On Jun 30, 2016, at 04:13, Jean-Paul Calderone <firstname.lastname@example.org> wrote:On Thu, Jun 30, 2016 at 6:43 AM, Adi Roiban <email@example.com> wrote:Hi,Recently we have introduced a hard check of 100% coverage for all changes.This is done via coverage + codecov + github protected branches.Now, if your patch is not 100% covered github will not let you merge it.See for example this change: https://github.com/twisted/twisted/pull/261/files#diff-0fea8a8ca713deb7ea6a10053273319aR2360The errback is there to help with test failures ... but the test should never fail, so that errback is never called... and that line is not covered.It doesn't always make sense to require 100% execution of all test code. It's not at all uncommon to only have code in a test suite that runs when a test fails. Historically, Twisted has never had a requirement of 100% execution of test code. The only test suite coverage requirements that have commonly been requested or enforced is for coverage of implementation code.I'd suggest removing the coverage enforcement for test suite code.I am inclined to disagree, albeit mildly.When one is writing a deliberately un-covered path in test code, presumably, one is writing either a test helper - a mock, fake, or utility for setting up a real implementation - or an assertion method. Historically, I believe that when we've invested more heavily in making these utilities "real" themselves, and not just throwaway stuff inline in a test method or module, the benefits have far outweighed the costs. In fact the availability of proto_helpers is one of the selling points of Twisted as opposed to other competing engines.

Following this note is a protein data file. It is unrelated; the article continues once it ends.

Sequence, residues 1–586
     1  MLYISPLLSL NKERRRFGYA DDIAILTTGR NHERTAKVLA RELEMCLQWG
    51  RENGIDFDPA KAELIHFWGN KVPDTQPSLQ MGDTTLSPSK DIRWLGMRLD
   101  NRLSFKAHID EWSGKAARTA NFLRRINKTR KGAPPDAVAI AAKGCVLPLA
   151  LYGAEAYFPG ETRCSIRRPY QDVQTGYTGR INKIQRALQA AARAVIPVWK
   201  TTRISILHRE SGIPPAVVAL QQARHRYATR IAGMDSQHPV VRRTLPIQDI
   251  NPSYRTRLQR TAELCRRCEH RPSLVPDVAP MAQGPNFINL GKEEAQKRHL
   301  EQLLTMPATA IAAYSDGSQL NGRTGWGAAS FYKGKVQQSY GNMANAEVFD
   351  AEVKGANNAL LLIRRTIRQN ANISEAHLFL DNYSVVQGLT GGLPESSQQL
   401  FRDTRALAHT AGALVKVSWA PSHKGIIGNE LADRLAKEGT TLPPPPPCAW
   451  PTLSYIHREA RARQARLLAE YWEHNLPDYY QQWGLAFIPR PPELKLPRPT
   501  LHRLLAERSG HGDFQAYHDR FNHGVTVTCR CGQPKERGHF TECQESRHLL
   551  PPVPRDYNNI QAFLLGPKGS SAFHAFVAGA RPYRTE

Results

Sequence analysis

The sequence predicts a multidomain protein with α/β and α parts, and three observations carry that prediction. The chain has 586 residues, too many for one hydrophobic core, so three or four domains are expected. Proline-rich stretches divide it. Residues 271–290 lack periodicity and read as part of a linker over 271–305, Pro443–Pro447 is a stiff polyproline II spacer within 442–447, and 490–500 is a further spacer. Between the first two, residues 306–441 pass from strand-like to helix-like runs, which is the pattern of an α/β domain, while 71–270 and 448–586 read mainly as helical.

Therefore, I think that asking folks to add independent test coverage to verify their fakes and ensure that the failure-reporting of their assertion messages are helpful in the event a test fails is a generally good idea, and we should keep the requirement for 100% coverage on both test and implementation coverage.However, if there is contention around this, I'd much rather get a ratchet in place for implementation code that's reliable and everyone is happy with, so I'm OK with disabling coverage reporting for our *.test.* packages as a step towards that.
How should we proceed with these changes?Maybe this is not the best example and that code could be refactored... but I think that the topic of ignoring missing coverage is still valid.I suggest to introduce ` # pragma: no cover`and update the coverage config with[report]exclude_lines =pragma: no coverThis seems like the wrong solution to me. It forces contributors to do extra work to mark their test code as an exception and provides a mechanism for incorrectly bypassing the check by using a no-cover pragma in implementation code.In any case I totally agree with this. If we have a categorical difference in types of code (test vs. non-test) then let's make that distinction, but we should not be adding one-off exceptions as an exercise of non-uniform reviewer judgement on every review.-glyph
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